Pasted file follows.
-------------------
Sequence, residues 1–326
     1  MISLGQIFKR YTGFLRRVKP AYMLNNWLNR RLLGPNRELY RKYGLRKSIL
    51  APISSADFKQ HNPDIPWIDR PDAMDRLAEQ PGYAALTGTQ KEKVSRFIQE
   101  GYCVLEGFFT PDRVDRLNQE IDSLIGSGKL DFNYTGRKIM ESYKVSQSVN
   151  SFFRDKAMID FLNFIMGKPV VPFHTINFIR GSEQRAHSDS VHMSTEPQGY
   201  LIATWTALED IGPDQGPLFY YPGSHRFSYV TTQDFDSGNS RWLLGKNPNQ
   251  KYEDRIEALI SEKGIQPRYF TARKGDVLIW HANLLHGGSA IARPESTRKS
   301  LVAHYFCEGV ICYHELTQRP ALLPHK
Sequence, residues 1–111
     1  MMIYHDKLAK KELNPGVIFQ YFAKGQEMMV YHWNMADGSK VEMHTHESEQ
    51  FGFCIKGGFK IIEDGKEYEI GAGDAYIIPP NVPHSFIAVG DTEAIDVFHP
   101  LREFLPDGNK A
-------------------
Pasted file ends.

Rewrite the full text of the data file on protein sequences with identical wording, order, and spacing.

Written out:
Sequence, residues 1–326
     1  MISLGQIFKR YTGFLRRVKP AYMLNNWLNR RLLGPNRELY RKYGLRKSIL
    51  APISSADFKQ HNPDIPWIDR PDAMDRLAEQ PGYAALTGTQ KEKVSRFIQE
   101  GYCVLEGFFT PDRVDRLNQE IDSLIGSGKL DFNYTGRKIM ESYKVSQSVN
   151  SFFRDKAMID FLNFIMGKPV VPFHTINFIR GSEQRAHSDS VHMSTEPQGY
   201  LIATWTALED IGPDQGPLFY YPGSHRFSYV TTQDFDSGNS RWLLGKNPNQ
   251  KYEDRIEALI SEKGIQPRYF TARKGDVLIW HANLLHGGSA IARPESTRKS
   301  LVAHYFCEGV ICYHELTQRP ALLPHK
Sequence, residues 1–111
     1  MMIYHDKLAK KELNPGVIFQ YFAKGQEMMV YHWNMADGSK VEMHTHESEQ
    51  FGFCIKGGFK IIEDGKEYEI GAGDAYIIPP NVPHSFIAVG DTEAIDVFHP
   101  LREFLPDGNK A